Top Tips for Competition Prep

Top Tips for Competition Prep
September 21, 2019 cnrk1

Top Tips for Competition Prep

As your next competition draws near you are likely to be growing increasingly apprehensive about putting your best performance together where it matters most – on the competition platform.

Here are some tips to help you perform well and, just as importantly, enjoy the meet-day experience.


  1. Sit down with your coach and come up with a Meet-Day plan. This should include everything from your rack heights, when to start/finish warming up, your warm up weights and a comprehensive attempt selection plan. Having a solid understanding of what you are walking in to on the day is going to help minimise the stress of the ‘noise’ (things other than going out on the platform and lifting). This will allow you to relax on competition day and really enjoy the experience.
  2. Pack your kit the night before the competition. Without risking sounding like your mother, this is going to ensure that you are not rushing in the morning and will reduce the risk of you leaving something behind. Pack all the essentials (belt, singlet, t-shirt, socks, shoes, knee sleeves, wrist wraps, food and water) and double-check it just to make sure.
  3. Focus on recovery. In the week leading up to your competition, your attention should shift from making strength gains to reducing excess fatigue. The best recovery methods are ensuring you get enough sleep (8+ hours) and eating plenty of calories (being in a surplus with the correct macros). Your training volume should also be significantly reduced with the intensity dropping slightly, in this period you may perform a few reps at your last warm up weight or opening attempts. This ensures that the skill of lifting heavy remains whilst allowing fatigue to dissipate. Other recovery methods that you may want to try as supplementary to the aforementioned include; hot/cold treatment and/or a light sports massage.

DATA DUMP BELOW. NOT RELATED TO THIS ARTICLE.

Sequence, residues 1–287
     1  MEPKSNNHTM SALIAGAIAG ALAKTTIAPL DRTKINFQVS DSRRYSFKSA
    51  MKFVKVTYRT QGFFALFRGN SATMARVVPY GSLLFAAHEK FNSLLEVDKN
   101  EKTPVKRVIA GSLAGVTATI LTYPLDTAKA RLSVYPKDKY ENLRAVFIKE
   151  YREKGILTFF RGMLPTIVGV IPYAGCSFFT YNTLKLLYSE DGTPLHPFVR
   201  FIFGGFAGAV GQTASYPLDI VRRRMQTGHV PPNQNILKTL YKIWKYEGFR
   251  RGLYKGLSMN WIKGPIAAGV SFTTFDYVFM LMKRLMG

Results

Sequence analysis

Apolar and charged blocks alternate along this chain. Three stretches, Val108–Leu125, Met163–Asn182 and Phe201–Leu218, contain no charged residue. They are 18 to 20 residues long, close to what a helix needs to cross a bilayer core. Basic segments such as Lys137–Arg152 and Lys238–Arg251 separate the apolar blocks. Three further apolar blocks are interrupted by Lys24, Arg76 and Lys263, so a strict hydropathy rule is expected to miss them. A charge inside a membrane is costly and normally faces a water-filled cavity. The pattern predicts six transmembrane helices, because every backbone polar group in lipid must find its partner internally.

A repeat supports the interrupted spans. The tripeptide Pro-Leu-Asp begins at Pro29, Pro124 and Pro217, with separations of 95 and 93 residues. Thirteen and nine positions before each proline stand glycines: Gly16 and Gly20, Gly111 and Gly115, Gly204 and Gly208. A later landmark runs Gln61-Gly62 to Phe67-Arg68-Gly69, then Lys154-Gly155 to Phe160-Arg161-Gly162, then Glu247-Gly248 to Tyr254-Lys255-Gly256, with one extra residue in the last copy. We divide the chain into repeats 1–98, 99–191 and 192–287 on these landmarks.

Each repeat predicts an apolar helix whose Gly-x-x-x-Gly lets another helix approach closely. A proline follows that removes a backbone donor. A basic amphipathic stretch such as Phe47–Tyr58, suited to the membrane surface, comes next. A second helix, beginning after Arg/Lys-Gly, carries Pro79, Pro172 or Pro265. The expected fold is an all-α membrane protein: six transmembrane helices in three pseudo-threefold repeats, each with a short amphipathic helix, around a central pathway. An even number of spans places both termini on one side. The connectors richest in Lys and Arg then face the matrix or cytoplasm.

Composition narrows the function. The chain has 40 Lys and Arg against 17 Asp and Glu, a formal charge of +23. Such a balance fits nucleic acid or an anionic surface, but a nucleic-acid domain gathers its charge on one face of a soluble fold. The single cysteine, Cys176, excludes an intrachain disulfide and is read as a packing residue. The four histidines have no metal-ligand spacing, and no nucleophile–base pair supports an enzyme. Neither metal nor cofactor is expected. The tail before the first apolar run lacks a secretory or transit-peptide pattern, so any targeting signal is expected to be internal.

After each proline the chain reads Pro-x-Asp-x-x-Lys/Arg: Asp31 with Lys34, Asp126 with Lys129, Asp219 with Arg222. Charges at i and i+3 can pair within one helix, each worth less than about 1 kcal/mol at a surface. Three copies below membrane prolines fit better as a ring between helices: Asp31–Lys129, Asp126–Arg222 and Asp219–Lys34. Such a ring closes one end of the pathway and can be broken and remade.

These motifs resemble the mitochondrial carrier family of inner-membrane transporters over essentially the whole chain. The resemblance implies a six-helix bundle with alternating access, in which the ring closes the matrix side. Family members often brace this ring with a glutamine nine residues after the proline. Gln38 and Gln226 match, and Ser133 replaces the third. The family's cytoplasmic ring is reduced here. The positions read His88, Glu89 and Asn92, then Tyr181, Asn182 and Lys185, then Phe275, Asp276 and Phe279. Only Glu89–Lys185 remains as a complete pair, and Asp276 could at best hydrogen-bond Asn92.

Competition Day

  1. Be on time. Check what time your weigh-in starts and plan to arrive as soon as it begins. Once you have weighed in, given your opening weights and rack heights you can begin to settle in to competition mode. If you are rushing to arrive just before weigh-in closes you will put yourself under unnecessary stress and the rest of your day will feel flustered. Remember, if you miss weigh-in, you will not be able to compete.
  2. Pick warm-up partners. In most competitions you will need to share equipment with other lifters in the warm up room so be prepared for this as you are unlikely to have your own bar, rack and weights to warm up with. If you are able to organise a group of 3-4 lifters who are all lifting in the same group before you arrive then that is ideal. If you are unable to do this, then orgainsing it on the day is absolutely fine. You should look for people who are lifting in the same group as you, who are of similarstrength and use similarrack heights. Being in a group like this will ensure that you will always find somewhere to warm up how you plan to, you will have help loading your weights and also people to talk to that could help settle any nerves that you may be experiencing.
  3. Eat and hydrate. The last thing on your mind on the day of competition is going to be eating/drinking. Your nerves will be running high and you’ll be busy focusing on everything else that is going on. That being said, it is crucial to your performance that you are fed and well-hydrated. It is important that you do not try and eat something new on the day of competition because you saw your favorite powerlifter do it at his/her last meet. You do not know how a new food will affect you and you do not want to be spending valuable warm-up time sitting on the toilet. You should be packing foods that are dense in calories, high in carbs and easy to eat on the go. Rice based treats, fruit roll-ups, Nutella sandwiches and Haribo sweets are some of my personal favorites. Bringing your own large bottle of water and keeping it close-by is a great idea. Putting an electrolyte powder in your water is also advised (particularly if you have cut weight coming in to the competition).

If you would like more advice on how to prepare for your next competition, then please contact me or one of the team to arrange a consultation.

Dan Edwards, Coach, Desert Barbell Sports Club

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